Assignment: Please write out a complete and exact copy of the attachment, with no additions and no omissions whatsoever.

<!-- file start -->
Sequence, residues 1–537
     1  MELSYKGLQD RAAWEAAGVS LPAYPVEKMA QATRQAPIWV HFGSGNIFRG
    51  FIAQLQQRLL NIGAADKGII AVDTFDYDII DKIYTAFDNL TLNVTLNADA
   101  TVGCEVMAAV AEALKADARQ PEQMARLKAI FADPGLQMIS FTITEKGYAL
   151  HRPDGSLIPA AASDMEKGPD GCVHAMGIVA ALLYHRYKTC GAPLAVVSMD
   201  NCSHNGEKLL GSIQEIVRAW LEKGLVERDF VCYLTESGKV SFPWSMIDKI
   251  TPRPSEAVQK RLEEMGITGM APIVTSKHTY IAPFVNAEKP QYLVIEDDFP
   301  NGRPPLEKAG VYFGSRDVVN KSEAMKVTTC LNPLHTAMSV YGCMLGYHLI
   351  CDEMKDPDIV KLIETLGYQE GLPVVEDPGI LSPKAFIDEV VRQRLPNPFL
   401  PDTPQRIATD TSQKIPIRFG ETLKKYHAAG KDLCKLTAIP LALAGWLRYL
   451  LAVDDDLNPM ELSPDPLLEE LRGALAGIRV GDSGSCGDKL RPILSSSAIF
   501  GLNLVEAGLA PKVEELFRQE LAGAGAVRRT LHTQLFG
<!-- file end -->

Sequence, residues 1–537
     1  MELSYKGLQD RAAWEAAGVS LPAYPVEKMA QATRQAPIWV HFGSGNIFRG
    51  FIAQLQQRLL NIGAADKGII AVDTFDYDII DKIYTAFDNL TLNVTLNADA
   101  TVGCEVMAAV AEALKADARQ PEQMARLKAI FADPGLQMIS FTITEKGYAL
   151  HRPDGSLIPA AASDMEKGPD GCVHAMGIVA ALLYHRYKTC GAPLAVVSMD
   201  NCSHNGEKLL GSIQEIVRAW LEKGLVERDF VCYLTESGKV SFPWSMIDKI
   251  TPRPSEAVQK RLEEMGITGM APIVTSKHTY IAPFVNAEKP QYLVIEDDFP
   301  NGRPPLEKAG VYFGSRDVVN KSEAMKVTTC LNPLHTAMSV YGCMLGYHLI
   351  CDEMKDPDIV KLIETLGYQE GLPVVEDPGI LSPKAFIDEV VRQRLPNPFL
   401  PDTPQRIATD TSQKIPIRFG ETLKKYHAAG KDLCKLTAIP LALAGWLRYL
   451  LAVDDDLNPM ELSPDPLLEE LRGALAGIRV GDSGSCGDKL RPILSSSAIF
   501  GLNLVEAGLA PKVEELFRQE LAGAGAVRRT LHTQLFG